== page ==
I have been a parent for 6 and a half years. I have been a gay parent for the same exact amount of time. Since both my children were born, almost two years apart, they have never known any other setup than living with their Mum, Mummy, with Daddy living nearby.
Children are very accepting – they don’t question their family setup, and from very young are able to adapt and change. They don’t have any concept of gay parenting, or queer parenting, to them it’s just parenting. They don’t care if their parents have long hair, short hair, rainbow hair or no hair; piercings or tattoos; they love you no matter how you present or who you love.
One thing that children are very good at is outing; our kids will out my wife and I regularly, just by calling out to Mum and Mummy. This obviously confuses some people, and they may ask questions. One of my son’s friends asked why he has two mummies. ‘He just does’ I replied, which seemed to satisfy the small boy’s curiosity.
It’s sometimes difficult to know what to tell another child – you don’t know what their parents have told them (or not) about LGBT parenting, different families or queer culture. Stating simple facts is often the best way to counter a child’s queries.
Adults on the other hand, are trickier to deal with. They have their own long-held opinions and views. They have been influenced throughout their life by various people, cultures and ideals, and this can manifest itself in different ways. I have been asked about the conception of my children, had strangers give me their opinion of my choice to use a known donor (this is apparently the only acceptable way for some straight people, as perhaps it is closest to the straight ‘ideal’ that I should be aiming for in their minds), and how we bring them up, perhaps to check that we don’t turn them gay too.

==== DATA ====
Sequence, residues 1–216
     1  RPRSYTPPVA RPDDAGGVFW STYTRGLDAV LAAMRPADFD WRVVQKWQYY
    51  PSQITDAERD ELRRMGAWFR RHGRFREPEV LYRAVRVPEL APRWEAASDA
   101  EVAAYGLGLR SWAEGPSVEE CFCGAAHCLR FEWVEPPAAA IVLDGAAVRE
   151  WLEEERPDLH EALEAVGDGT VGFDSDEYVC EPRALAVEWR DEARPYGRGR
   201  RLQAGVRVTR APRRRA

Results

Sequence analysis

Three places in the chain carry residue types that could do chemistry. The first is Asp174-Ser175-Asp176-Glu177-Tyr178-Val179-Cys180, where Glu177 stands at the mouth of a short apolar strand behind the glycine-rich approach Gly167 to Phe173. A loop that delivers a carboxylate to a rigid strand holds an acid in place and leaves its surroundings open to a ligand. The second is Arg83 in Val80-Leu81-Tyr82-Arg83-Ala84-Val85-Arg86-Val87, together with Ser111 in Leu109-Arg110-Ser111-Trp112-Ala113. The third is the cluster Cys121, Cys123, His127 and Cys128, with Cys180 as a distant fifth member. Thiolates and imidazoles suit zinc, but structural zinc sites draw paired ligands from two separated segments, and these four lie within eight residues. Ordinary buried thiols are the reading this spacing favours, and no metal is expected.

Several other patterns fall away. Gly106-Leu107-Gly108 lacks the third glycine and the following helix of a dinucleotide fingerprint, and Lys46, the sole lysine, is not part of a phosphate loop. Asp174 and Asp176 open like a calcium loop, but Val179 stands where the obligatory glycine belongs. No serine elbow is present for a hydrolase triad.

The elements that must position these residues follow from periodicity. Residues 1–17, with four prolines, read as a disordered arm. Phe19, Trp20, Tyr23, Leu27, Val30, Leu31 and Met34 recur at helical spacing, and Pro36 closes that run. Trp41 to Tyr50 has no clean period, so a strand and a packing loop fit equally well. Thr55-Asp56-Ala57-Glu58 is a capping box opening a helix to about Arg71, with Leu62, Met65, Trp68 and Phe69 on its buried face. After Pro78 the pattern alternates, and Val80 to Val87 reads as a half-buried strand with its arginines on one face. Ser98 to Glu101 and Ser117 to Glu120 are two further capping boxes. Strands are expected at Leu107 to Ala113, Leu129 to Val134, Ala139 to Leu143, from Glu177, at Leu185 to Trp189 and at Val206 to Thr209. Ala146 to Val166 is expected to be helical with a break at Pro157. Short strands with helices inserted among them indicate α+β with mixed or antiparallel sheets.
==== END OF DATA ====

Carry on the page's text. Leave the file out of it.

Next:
I been asked to validate my feelings for my children, and had to convince others that yes, they are both mine, and no, it matters not one jot that one of them is not my bio-child.
But all of this has made me a more resilient, prouder parent. I am very proud that my children have not one, not two, but three parents who love them unconditionally, who support and love each other and who show their children how to parent in different ways with different personalities.
My children know that love is love, but they also know how hard we have fought for our rights; they were present when my wife and I converted our Civil Partnership to Marriage, something that we have been denied for so long. They are there at each and every Pride we attend, they see the love and the celebration of LGBTQI people, but also the anti-gay protesters who jeer at us from the side.
Children with gay parents deserve to have proud, out role models. They deserve parents who stand by their beliefs and do not hide in the shadows. They will benefit from resilient parents who stand up and be counted, even if it is difficult. From this they will become our biggest allies, whether they turn out to be LGBTQI, or perhaps even….straight.